Either way, competently considering child protection, before allowing removal of the children from the marital home, would protect children’s development more effectively. This would also result in huge later reductions in criminal injuries, sickness benefit costs and prison costs.
The research to backup this approach is not yet proven to be conclusive.
In my opinion, it seems to support the decision approach that I have suggested above, but I have a long way to go to pull the details together confidently.
By way of comparison, the present child support system makes very negative assumptions about men’s parenting skills. These assumptions are completely incorrect, in at least say 40% of cases. Then it incentivises mothers to restrict father’s access to the children, thus limiting the development of parenting skills in the father. It also builds up resentment and disincentivises the father to be available for the children. This toxic mess shows up in child neglect statistics and also in criminal behaviour and suicide statistics.
I believe that parents should be given advice about their parenting skills and the limits to be set within which they can negotiate their separated care arrangements. This protects the children from hazardous mothers and fathers from the outset, not just when major pervasive problems show up. It also protects both parents development of parenting skills and gives them more constructive incentives to work together for their children.
Even if parents want to separate, our legislation (for what it is worth) requires that parents share significant decisions. This obligation is scuttled by most familycaught$ “judges”, at serious cost to the welfare of the children.
We need to fully look into the social effects of child support, onto the quality of parenting that children receive. (Part of this analysis would include the fact that extra children are born, that otherwise would not have been born at all… In many cases, these are the very children who receive the very worst quality of parenting.)
I suggest that accountability between parents is largely destroyed by CSAct. This is a large factor, in the reduction of quality of parenting that children receive.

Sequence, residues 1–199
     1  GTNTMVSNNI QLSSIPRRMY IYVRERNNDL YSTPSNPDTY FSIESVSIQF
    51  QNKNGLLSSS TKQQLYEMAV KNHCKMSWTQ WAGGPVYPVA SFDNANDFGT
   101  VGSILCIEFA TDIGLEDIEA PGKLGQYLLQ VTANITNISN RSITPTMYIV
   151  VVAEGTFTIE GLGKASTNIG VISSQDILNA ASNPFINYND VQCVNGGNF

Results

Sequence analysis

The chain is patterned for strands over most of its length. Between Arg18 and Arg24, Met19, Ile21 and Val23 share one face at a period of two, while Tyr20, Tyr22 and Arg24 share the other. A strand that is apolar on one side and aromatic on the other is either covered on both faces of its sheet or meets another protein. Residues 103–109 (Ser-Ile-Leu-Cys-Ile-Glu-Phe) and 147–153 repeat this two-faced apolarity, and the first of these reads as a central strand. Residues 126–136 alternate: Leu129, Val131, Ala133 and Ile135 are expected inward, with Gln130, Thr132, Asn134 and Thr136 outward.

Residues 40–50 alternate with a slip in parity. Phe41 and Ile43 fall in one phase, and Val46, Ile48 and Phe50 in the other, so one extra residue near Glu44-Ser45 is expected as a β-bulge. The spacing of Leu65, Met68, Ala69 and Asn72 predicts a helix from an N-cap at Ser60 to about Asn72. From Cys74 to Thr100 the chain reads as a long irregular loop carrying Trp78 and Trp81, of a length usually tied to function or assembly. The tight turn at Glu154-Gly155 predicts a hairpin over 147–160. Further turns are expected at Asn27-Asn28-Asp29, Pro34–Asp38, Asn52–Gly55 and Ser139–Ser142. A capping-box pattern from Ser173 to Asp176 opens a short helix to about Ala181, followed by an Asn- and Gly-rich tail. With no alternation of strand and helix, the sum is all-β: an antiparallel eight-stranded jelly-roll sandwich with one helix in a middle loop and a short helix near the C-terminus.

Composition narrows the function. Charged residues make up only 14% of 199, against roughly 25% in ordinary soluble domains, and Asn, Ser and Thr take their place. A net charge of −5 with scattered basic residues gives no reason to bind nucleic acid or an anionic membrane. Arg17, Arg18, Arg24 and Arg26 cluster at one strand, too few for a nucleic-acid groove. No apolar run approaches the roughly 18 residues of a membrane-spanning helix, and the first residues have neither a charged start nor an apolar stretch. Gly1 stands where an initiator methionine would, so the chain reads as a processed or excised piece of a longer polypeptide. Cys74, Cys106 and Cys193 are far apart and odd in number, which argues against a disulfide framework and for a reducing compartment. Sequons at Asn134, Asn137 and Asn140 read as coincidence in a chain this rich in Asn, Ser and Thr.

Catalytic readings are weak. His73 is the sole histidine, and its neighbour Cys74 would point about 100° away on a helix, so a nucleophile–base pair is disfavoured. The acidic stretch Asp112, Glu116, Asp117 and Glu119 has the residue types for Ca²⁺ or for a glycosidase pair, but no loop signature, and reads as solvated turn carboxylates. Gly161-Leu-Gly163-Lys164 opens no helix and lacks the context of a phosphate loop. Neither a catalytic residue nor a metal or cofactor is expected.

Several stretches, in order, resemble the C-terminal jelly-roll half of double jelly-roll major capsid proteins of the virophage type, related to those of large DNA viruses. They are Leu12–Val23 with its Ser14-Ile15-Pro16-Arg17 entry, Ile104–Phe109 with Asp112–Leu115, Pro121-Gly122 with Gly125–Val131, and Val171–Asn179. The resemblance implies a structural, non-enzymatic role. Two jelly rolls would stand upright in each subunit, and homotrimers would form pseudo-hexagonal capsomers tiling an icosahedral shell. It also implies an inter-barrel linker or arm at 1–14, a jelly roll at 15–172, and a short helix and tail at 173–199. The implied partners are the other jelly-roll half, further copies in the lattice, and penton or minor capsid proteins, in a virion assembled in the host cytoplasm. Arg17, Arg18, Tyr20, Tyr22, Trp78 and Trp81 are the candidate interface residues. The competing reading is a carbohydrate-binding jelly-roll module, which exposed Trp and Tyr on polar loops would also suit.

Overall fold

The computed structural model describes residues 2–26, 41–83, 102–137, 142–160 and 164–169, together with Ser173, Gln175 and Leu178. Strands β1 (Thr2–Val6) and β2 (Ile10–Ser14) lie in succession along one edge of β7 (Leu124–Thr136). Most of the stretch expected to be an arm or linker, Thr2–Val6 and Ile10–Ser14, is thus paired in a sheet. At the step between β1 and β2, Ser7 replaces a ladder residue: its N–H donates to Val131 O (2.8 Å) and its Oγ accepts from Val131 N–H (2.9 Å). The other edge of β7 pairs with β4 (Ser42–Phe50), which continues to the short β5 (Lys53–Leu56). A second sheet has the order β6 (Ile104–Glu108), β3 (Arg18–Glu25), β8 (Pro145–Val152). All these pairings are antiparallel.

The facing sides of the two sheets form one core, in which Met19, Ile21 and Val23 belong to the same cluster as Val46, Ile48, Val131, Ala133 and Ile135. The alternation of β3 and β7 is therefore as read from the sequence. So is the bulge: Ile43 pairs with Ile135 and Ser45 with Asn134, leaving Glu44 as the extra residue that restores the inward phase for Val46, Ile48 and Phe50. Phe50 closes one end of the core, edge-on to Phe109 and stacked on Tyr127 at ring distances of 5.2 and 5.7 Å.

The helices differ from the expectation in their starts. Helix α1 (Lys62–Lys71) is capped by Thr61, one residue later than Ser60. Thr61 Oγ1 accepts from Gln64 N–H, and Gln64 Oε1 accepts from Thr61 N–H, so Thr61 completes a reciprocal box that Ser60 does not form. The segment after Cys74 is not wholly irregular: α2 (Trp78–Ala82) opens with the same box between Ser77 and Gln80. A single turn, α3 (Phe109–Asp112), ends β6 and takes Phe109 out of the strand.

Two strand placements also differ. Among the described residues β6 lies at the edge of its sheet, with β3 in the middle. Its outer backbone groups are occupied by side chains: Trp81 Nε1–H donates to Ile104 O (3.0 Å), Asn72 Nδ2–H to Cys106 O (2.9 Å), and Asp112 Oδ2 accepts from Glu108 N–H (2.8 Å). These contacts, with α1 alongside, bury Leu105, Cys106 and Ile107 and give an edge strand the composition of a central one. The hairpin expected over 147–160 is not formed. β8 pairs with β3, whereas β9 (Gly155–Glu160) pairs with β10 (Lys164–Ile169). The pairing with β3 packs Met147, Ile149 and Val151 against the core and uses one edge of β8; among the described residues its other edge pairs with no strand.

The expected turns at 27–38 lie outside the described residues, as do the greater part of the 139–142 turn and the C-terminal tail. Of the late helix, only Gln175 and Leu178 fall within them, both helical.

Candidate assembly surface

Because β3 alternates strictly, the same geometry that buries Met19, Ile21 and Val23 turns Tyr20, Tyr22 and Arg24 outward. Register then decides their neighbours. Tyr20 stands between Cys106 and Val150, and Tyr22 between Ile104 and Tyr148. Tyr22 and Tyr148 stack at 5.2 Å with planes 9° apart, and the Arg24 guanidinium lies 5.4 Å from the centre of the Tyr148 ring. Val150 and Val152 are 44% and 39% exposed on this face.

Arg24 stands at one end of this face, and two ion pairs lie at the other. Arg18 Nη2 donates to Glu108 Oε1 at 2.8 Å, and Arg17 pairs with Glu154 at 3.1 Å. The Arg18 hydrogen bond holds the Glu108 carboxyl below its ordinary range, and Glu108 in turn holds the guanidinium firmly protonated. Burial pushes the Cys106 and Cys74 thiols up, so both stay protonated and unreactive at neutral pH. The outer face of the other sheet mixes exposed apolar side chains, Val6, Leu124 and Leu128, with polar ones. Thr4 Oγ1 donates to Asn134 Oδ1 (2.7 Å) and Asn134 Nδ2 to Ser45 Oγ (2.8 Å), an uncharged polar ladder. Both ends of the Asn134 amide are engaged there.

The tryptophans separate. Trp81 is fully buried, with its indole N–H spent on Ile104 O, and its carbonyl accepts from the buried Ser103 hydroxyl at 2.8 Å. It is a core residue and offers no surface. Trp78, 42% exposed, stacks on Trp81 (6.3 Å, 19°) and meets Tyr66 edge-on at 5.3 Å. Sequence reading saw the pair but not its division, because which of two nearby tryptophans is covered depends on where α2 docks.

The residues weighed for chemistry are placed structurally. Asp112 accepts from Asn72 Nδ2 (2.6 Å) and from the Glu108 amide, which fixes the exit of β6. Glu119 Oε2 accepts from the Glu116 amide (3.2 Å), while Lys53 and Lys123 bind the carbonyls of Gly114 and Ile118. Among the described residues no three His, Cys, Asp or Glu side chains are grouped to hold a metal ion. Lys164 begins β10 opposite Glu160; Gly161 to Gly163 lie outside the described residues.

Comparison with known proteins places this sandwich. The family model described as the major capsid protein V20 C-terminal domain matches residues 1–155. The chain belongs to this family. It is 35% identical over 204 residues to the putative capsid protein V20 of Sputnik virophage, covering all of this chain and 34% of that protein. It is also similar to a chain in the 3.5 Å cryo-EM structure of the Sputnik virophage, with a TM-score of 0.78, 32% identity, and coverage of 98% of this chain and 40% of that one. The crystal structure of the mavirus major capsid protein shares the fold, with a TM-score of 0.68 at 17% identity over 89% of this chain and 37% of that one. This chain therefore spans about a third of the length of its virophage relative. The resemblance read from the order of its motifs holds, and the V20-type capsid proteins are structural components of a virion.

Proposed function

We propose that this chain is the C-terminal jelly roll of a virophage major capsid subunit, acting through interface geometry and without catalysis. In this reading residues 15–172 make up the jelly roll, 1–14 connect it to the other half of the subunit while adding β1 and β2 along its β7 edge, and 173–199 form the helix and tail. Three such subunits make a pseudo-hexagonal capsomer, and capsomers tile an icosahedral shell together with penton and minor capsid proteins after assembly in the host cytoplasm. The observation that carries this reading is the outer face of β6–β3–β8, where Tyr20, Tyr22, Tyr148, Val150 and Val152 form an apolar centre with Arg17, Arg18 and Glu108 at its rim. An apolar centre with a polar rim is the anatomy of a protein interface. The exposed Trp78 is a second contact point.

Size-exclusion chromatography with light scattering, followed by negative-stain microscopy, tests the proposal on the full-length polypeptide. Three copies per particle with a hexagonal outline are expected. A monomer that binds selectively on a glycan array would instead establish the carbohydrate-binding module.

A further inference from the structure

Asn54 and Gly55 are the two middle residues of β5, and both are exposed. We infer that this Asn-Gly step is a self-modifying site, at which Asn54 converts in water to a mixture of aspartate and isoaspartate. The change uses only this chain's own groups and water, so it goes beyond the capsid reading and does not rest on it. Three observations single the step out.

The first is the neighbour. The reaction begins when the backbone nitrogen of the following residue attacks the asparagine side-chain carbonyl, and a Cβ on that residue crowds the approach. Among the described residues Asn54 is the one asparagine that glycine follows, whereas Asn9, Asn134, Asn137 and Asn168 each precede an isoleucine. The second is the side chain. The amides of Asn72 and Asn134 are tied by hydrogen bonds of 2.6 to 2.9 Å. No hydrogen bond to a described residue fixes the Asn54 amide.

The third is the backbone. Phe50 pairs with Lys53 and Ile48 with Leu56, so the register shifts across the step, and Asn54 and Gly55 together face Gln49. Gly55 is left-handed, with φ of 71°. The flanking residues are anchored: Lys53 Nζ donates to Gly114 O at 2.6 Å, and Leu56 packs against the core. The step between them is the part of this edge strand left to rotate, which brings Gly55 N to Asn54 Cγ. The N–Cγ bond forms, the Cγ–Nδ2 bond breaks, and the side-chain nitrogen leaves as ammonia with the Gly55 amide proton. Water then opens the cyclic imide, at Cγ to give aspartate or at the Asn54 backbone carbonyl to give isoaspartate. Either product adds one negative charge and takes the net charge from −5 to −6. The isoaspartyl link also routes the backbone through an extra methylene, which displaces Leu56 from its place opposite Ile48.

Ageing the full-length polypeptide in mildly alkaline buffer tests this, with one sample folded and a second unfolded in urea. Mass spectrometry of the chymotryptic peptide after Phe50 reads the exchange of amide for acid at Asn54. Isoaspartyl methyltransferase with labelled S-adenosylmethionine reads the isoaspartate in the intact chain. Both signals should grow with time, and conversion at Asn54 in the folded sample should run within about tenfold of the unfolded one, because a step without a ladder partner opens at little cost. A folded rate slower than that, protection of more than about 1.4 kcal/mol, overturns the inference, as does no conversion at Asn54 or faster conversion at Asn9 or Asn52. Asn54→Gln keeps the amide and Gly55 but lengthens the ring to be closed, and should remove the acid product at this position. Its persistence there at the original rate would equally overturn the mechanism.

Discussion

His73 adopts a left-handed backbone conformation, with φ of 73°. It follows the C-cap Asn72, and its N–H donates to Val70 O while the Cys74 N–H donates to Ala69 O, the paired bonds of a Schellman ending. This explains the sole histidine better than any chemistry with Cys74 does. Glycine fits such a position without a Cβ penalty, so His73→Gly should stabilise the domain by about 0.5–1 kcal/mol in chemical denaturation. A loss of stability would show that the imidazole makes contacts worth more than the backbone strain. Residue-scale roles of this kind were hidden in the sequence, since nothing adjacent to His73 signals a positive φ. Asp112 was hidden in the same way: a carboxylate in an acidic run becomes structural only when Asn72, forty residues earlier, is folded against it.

The other major factor, for the children, is the loss of contact with the father.
Of course the darkest part of quality of upbringing, is child neglect and abuse. This shows up horribly in statistics for young solo mothers, particularly those never in a supportive relationship. Many of these have significant social and personality problems. Coupled with poor income
earning capability, the mix is dangerous for babies and young children. Also financially dangerous for whoever is picking up all of the tabs…..
These types of issues are also important for still married couples. When the children see both parents frequently during the week, then there is a higher ability for the children to tolerate mental illness in one or both parents. If for example the mother had a moderate degree of mental illness, even below formal diagnosis level for depression in particular, then for the children’s mental health to be protected, the father should be spending much more time with the children. This might even lead to pressure for the mother to go to work and the father perhaps work part time or not at all. (Incidentally, work is usually helpful to mental health, so it isn’t all negative.) These considerations should lead young men to seek wives who have reasonably good career prospects…… Maybe the pressures between the sexes are equalising a bit?
This approach based on considering child protection issues when making decisions on the care of children strongly supports a rebuttable presumption of equal shared care.
Sanford L. Braver has surveyed USA public attitudes about shared care after divorce and found general acceptance.
He has suggested that the USA familycaught is far behind public attitudes.
Many USA states now have legislation supporting a rebuttable presumption for shared parenting, although getting legislation to work in familycaught$ may still be a problem. Many continental european states have working shared parenting.
The considerations above also suggest that fathers should understand the importance to their young children of spending significant amounts of time with them. For this reason, fathers should be encouraged to take up after birth parental leave, even if there is a financial cost to the family.